You really do not want to think about this much computing power:
Yampolskiy then asks, could an immensely powerful computer succeed where all the others have failed? One way of approaching the question, he suggests, is by asking, what is the computational power of biological evolution? Some truly impressive figures result:
“If all the DNA in the biosphere was being transcribed at these reported rates, taking an estimated transcription rate of 30 bases per second, then the potential computational power of the biosphere would be approximately 1015 yottaNOPS (yotta = 1024), about 1022 times more processing power than the Tianhe-2 supercomputer . . ., which has a processing power on the order of 105 teraFLOPS (tera = 1012)…
“If we were to simulate 1025 neurons over a billion years of evolution (longer than the existence of nervous systems as we know them) in a year’s run time these figures would give us a range of 1031-1044 FLOPS.39 –Yampolskiy Rv. Why We Do Not Evolve Software? Analysis of Evolutionary Algorithms. Evolutionary Bioinformatics. January 2018. Doi:10.1177/1176934318815906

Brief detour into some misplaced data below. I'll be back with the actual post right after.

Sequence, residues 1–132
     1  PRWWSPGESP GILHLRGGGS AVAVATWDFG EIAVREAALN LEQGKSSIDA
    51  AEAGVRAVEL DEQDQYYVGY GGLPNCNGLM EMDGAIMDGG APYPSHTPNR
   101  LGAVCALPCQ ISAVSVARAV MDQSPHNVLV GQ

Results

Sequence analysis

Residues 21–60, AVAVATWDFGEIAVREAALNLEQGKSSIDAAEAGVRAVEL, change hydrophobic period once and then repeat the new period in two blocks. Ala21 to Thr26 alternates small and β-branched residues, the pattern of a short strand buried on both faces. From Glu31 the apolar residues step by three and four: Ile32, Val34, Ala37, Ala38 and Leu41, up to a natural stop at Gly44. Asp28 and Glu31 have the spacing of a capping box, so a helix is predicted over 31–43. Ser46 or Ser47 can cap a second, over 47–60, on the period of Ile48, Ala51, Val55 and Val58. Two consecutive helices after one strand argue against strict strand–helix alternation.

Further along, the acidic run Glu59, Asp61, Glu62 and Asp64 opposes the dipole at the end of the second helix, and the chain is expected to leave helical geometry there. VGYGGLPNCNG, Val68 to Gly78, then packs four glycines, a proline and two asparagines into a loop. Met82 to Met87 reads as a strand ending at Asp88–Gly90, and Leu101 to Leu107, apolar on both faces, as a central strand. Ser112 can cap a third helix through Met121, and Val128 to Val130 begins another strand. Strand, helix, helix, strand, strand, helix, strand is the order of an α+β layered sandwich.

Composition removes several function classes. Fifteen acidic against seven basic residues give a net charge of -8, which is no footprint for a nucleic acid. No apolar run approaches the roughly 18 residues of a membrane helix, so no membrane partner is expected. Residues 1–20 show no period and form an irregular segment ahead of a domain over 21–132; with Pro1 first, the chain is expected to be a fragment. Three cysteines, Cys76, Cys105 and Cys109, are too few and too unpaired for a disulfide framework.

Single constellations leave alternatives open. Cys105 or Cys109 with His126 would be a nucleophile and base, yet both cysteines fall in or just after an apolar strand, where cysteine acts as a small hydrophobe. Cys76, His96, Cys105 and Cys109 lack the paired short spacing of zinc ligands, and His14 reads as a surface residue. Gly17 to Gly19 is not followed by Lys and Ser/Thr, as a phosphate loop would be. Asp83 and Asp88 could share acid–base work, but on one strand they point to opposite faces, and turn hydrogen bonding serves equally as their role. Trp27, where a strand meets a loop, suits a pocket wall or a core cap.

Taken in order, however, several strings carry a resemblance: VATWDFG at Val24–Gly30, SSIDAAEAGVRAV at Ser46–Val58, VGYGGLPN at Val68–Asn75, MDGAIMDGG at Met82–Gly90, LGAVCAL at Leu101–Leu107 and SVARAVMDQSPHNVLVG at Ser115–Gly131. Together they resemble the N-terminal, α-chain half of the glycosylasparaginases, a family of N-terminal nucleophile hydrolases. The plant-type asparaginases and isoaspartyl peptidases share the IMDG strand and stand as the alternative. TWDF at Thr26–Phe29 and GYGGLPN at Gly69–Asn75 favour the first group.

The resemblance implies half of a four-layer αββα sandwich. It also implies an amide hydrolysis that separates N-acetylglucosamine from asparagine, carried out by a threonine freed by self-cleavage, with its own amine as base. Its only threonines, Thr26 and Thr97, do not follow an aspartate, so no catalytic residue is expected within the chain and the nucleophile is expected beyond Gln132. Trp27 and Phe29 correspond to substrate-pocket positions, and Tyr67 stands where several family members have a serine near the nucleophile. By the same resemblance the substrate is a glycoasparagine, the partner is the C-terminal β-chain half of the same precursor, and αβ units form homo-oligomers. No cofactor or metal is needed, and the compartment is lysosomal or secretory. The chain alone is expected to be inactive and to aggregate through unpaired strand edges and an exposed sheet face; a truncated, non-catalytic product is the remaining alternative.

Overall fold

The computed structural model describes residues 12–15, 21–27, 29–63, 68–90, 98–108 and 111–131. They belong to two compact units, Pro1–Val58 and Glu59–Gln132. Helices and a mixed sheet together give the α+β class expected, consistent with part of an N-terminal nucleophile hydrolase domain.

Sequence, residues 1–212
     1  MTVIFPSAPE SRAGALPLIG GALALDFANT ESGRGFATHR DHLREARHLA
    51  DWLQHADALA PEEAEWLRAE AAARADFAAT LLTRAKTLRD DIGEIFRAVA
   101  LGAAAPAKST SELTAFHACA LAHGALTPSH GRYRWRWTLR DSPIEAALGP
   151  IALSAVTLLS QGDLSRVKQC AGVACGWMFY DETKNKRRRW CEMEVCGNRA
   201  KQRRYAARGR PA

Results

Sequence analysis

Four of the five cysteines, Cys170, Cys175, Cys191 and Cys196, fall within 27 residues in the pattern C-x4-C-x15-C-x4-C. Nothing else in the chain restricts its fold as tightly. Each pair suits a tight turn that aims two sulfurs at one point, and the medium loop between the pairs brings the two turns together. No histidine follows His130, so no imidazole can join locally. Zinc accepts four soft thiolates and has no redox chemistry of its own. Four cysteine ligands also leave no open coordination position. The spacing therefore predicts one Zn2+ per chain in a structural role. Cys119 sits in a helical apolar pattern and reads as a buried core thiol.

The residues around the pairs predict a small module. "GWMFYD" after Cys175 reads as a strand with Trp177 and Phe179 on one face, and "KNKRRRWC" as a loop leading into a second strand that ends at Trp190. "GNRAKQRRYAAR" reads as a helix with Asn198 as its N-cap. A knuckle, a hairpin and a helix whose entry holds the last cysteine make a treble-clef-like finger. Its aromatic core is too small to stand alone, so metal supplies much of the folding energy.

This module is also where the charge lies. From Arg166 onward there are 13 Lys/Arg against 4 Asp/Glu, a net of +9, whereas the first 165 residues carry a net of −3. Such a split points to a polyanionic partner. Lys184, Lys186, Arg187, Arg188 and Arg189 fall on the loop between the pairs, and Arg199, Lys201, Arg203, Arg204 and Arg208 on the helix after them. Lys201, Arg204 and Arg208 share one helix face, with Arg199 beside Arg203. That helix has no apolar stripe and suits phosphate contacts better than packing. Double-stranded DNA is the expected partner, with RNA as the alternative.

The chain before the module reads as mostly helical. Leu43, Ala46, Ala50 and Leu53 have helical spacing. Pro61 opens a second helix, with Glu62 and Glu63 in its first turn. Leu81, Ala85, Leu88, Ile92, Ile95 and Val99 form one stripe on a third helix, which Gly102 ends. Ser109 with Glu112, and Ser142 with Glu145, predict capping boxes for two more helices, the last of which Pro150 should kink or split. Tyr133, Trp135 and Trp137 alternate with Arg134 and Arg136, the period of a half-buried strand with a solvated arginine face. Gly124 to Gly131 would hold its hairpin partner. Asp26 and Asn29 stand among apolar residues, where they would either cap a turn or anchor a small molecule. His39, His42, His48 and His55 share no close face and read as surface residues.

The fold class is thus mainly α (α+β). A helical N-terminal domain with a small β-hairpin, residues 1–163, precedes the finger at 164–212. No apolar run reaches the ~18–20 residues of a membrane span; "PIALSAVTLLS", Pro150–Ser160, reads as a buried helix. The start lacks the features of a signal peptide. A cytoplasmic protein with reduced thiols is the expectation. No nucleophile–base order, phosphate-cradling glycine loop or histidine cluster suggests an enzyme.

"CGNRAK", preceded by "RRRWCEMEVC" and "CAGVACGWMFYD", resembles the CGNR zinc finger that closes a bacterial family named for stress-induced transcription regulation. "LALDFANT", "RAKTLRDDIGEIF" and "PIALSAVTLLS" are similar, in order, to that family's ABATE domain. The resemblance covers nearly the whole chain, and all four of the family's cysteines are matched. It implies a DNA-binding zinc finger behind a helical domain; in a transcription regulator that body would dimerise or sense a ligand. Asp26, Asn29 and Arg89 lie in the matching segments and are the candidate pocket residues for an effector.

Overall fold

These are not small numbers, even in the computing world. But even if these numbers were available, we need not assume that anything like human intelligence would necessarily result, via purely Darwinian means, if we ran only one simulationDenyse O’Leary and Roman Yampolskiy, “Can computers evolve to program themselves without programmers?” at Mind Matters News
But read the fine print: We would need to run many trials of planets in parallel in order to simulate the real conditions in the universe. Yampolskiy concludes, ‘In fact, depending on some assumptions we make regarding multiverse, quantum aspects of biology, and probabilistic nature of Darwinian algorithm such compute may never be available.’”
That raises some questions about Darwinism in nature but we’ve talked about that before…
Can AI really evolve into superintelligence all by itself? We can’t just turn a big computer over to evolution and go away and hope for great things. Perpetual Innovation Machines tend to wind down because there is no universally good search. Computers are powerful because they have limitations.